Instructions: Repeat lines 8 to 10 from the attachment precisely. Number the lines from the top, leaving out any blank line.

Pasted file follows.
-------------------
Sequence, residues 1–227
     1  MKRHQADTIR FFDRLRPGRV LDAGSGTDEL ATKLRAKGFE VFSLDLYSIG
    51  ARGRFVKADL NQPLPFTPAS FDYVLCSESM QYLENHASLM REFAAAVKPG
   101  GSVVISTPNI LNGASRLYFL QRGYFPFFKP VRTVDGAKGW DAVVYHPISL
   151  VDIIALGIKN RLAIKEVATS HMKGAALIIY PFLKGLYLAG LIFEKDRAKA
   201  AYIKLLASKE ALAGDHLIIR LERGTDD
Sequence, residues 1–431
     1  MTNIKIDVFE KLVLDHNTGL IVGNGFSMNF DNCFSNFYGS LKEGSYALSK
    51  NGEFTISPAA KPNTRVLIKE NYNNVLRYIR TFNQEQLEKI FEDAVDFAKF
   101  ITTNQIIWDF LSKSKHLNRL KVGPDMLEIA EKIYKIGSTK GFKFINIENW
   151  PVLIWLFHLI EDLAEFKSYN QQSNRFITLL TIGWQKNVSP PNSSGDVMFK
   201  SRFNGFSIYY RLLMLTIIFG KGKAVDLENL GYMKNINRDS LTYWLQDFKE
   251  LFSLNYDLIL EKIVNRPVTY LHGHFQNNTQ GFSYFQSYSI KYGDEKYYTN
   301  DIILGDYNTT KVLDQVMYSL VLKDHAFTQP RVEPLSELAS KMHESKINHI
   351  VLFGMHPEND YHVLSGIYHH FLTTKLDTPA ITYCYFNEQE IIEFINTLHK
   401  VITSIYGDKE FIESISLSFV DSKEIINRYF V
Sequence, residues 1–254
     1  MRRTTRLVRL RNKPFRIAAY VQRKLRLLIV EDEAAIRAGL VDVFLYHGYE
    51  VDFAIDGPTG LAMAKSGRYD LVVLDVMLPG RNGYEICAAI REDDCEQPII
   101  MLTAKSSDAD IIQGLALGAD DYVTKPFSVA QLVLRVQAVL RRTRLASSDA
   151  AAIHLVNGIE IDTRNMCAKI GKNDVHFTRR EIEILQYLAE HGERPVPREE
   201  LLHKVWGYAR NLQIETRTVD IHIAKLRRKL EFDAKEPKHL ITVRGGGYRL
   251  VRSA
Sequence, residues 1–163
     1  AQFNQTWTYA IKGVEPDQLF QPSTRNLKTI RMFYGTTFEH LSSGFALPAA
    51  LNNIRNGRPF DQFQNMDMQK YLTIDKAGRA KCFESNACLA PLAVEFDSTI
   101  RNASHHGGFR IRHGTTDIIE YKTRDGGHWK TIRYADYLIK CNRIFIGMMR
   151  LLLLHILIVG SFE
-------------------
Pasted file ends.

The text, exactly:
     1  MTNIKIDVFE KLVLDHNTGL IVGNGFSMNF DNCFSNFYGS LKEGSYALSK
    51  NGEFTISPAA KPNTRVLIKE NYNNVLRYIR TFNQEQLEKI FEDAVDFAKF
   101  ITTNQIIWDF LSKSKHLNRL KVGPDMLEIA EKIYKIGSTK GFKFINIENW